Chicken Kabobs

Yeah I know, I know, I'm hung up on the Mr Yoshika's Sauce / Marinade, but not really - it's a big bottle. Seriously I love the flavor on a lot of things and besides doing breast as Kabobs was a nice change. You get a lot more flavor that way and you know how hard it is to do that with boneless skinless chicken breast. Besides think of all the things that can be done with it - serve on speghetti, subs, salads, etc. The directions on this product suggest marinade time to be 30 min to 1 hour, I suggest 12 hours or overnight for anything I've used it on and with these Kabobs I also basted them with it while they were on the grill. Try it sometime.

Tuesday, September 13, 2011


I've said it to myself many times and I'll say it here "I'd give up cooking on a grill / smoker at home if I didn't have a Traeger" (or some other Pellet cooker). I have always loved Hot Wings and they turn out so good in the pellet cooker. The method I use now is to let them sit out on the counter about 45 min then season them with any old bbq rub, and put them in the cooker indirect with the temp at about 350 for about 45 min. I actually checked these whole wings with the wiggle test to see how done they were based on how loose they were at the joint. A second test for doneness provided a treat for the cook when I pulled one off and tried it. When cooked to my liking, I then used half margarine and half Texas Pete heated enough to mix well and dipped the wings in the sauce and returned to the cooker for another 15 to 20 minutes.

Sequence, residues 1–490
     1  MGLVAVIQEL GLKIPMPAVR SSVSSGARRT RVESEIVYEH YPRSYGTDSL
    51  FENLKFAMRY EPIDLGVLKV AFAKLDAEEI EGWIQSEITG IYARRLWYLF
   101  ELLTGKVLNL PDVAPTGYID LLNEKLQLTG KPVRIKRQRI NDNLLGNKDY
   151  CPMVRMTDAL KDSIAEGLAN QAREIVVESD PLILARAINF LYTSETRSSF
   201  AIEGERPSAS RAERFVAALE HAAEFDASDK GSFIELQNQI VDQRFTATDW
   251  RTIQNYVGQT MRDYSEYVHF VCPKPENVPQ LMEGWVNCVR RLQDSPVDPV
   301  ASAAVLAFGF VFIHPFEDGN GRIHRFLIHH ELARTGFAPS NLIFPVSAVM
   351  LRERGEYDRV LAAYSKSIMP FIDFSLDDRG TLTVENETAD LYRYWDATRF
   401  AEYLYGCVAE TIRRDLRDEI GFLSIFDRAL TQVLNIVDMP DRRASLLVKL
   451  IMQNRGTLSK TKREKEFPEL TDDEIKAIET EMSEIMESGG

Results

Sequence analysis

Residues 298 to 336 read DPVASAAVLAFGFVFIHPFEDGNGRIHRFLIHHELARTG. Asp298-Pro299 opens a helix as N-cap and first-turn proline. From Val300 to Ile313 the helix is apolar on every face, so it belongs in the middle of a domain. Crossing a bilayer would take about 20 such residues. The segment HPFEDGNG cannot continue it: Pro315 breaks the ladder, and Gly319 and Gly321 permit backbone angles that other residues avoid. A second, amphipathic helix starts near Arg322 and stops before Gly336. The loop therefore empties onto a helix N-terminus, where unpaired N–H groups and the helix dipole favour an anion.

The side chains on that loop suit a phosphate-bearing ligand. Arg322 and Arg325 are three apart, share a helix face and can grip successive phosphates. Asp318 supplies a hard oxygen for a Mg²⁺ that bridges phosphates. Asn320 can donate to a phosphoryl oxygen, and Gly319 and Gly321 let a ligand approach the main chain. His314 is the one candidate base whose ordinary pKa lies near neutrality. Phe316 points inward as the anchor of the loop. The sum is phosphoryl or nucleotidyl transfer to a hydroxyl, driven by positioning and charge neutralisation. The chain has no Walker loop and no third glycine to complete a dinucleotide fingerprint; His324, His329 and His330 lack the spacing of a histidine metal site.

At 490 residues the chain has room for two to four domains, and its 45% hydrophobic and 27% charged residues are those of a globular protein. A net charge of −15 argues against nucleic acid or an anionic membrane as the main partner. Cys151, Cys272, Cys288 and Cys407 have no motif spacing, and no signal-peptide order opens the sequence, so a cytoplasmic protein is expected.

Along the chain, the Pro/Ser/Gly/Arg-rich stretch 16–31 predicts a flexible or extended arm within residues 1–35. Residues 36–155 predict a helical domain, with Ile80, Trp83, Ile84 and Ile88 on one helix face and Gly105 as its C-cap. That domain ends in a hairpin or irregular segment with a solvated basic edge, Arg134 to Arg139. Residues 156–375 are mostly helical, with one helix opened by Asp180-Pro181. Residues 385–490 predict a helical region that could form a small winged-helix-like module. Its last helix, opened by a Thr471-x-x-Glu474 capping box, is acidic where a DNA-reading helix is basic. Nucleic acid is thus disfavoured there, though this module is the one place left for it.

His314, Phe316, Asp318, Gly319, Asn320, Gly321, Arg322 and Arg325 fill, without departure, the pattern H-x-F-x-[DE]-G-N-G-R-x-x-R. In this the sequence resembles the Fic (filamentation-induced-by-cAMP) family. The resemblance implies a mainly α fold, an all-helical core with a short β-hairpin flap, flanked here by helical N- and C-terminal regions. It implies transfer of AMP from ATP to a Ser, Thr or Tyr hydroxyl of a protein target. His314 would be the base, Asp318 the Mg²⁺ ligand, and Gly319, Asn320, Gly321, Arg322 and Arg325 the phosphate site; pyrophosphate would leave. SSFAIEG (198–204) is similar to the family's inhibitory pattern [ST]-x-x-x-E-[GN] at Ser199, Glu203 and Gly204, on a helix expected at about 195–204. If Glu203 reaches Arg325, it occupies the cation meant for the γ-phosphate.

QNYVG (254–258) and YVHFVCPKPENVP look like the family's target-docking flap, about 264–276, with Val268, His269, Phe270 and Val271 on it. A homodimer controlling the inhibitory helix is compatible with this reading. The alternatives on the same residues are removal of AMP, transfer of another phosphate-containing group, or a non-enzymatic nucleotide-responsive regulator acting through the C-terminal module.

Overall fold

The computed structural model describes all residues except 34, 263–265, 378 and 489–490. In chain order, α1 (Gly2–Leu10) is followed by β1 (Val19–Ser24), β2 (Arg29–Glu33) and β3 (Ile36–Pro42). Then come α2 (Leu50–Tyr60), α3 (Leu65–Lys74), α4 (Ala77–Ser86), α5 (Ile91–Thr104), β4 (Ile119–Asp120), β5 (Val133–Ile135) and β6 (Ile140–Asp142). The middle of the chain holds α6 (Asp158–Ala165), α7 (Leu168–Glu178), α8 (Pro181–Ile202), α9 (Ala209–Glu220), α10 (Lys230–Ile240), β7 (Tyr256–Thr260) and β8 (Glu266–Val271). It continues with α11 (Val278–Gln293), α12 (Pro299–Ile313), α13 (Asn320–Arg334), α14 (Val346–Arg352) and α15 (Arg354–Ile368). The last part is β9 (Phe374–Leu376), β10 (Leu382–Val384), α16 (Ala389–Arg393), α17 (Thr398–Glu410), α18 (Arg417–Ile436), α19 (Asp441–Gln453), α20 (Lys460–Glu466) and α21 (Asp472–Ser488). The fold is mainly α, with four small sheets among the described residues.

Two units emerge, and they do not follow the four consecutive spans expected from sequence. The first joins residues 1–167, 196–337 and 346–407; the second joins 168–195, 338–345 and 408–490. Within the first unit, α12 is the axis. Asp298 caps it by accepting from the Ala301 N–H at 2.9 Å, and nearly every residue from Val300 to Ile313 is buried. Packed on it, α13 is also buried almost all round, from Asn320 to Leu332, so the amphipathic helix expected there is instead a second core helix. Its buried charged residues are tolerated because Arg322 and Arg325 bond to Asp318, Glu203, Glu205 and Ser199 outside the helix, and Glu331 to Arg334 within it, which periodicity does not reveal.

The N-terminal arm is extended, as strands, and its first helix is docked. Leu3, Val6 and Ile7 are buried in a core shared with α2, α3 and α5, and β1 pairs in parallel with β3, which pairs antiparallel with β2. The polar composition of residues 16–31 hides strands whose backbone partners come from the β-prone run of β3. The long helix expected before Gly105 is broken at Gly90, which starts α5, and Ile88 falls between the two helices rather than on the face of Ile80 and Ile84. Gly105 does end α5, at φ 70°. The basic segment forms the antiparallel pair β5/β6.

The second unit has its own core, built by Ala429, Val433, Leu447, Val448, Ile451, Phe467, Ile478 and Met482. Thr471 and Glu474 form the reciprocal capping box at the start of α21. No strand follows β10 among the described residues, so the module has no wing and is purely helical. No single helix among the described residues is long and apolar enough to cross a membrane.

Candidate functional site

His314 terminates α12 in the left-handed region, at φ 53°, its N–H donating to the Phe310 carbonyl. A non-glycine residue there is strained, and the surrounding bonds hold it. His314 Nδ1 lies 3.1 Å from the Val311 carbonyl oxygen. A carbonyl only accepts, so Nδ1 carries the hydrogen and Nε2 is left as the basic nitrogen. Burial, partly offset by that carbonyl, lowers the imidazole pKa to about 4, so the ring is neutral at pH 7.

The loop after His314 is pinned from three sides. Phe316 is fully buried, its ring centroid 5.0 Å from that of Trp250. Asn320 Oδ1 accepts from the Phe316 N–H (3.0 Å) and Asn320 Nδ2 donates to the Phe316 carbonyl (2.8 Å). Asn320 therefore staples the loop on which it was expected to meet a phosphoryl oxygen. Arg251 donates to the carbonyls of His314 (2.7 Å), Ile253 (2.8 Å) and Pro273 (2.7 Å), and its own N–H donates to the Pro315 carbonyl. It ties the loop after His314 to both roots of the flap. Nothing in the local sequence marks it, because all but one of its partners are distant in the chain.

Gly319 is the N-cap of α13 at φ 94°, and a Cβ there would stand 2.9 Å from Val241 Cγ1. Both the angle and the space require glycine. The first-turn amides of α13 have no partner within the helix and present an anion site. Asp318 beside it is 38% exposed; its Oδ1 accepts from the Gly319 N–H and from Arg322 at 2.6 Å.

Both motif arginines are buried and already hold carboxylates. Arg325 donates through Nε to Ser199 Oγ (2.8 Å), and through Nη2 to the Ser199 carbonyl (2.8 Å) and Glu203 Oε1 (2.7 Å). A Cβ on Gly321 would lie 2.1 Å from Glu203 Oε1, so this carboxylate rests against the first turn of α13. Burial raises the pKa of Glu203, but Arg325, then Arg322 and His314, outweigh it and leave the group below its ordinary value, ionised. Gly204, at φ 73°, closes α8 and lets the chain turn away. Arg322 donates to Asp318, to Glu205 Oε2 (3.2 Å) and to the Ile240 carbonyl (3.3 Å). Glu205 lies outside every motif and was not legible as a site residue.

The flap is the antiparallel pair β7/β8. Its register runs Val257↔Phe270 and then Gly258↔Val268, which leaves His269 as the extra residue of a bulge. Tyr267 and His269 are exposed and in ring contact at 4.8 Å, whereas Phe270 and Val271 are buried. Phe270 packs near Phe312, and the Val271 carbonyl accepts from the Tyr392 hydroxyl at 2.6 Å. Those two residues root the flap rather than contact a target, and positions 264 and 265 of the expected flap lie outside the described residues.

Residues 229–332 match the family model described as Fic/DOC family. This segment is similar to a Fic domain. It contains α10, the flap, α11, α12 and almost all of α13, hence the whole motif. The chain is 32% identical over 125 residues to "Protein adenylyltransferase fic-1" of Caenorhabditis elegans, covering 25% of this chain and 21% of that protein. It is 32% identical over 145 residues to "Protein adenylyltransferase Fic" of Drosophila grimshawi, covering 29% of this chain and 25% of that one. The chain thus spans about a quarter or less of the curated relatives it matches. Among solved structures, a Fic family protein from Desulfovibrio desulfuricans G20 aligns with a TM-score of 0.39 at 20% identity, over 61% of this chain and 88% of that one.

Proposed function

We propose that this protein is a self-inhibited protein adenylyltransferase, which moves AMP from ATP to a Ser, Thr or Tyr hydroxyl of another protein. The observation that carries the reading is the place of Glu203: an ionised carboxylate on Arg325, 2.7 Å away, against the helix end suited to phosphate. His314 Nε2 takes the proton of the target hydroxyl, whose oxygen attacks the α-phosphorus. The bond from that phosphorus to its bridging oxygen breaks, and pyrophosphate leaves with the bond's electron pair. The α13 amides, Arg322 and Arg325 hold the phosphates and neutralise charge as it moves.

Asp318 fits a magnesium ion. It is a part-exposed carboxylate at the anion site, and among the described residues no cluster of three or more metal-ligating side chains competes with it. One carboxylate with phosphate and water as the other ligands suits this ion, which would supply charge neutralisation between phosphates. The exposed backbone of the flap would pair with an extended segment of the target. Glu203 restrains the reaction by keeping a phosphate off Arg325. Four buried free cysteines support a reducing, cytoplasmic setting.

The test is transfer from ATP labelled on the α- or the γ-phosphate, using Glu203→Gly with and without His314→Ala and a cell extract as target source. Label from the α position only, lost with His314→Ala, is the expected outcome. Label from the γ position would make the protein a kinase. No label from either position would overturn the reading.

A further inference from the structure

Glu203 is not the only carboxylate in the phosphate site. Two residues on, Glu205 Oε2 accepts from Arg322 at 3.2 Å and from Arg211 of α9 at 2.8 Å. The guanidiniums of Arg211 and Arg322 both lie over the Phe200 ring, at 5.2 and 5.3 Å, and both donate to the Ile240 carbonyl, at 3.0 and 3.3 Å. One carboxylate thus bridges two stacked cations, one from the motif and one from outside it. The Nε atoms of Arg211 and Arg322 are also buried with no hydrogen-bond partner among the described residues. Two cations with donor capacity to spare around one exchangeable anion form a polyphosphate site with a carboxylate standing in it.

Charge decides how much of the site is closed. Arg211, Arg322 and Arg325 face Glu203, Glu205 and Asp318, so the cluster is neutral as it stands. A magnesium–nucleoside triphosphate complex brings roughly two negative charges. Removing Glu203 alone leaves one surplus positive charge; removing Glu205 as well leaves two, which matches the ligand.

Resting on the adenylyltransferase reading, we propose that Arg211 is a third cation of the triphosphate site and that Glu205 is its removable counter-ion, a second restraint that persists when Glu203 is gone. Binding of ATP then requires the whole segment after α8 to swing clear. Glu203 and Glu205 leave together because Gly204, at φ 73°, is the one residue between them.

Mr Yoshidas

Here's a product I can recommend that will provide a unique flavor and a beautiful color to your grilled chicken, beef, pork, etc. These Tri Tip roasts were marinated in Mr Y for 12 hours, wiped off the excess, sprinkled with a steak rub and cooked on high (475 - 495) on the Traeger Pellet grill for about 25 min. Use one for Steak Night and refrigerate and shave the other one for the most wonderful steak sandwiches you will ever have. Note: I have found that simply refrigerating is not enough to facilitate shaving beef and about 15 min in the freezer makes all the difference in the world.

Sunday, July 17, 2011

Brined & Smoked Chicken

I cooked the best chicken I've ever cooked yesterday and I contribute the good results to a good brine and proper doneness. Whole chickens were used but I cut them in half before doing anything else. I used a simple brine that included pickling spices but added a couple of very aromatic herbs to it - both the pickling spices and the other two spices where whole and I ground them in a coffee grinder. I did not want the brine to make the chicken too salty so I limited the time in the brine to two hours. I roasted them in a pellet cooker set at 275 until the breast meat reached an internal temp of 170. A remote meat thermometer was used in the thickest part of the breast. The flavor from the brine was very pronouced and very good. Once they reached 160 I brushed on a light coat of Apricot BBQ Sauce and held them in a warm oven while the side dishes were prepared. Fried Green tomatoes, German Potato Casserole w/Benton Bacon, Carolina Vinegar Slaw, and rolls rounded out the meal.

Click On The Pics Below For Enlarged View

Tuesday, July 12, 2011

Memory Lane Restaurant Review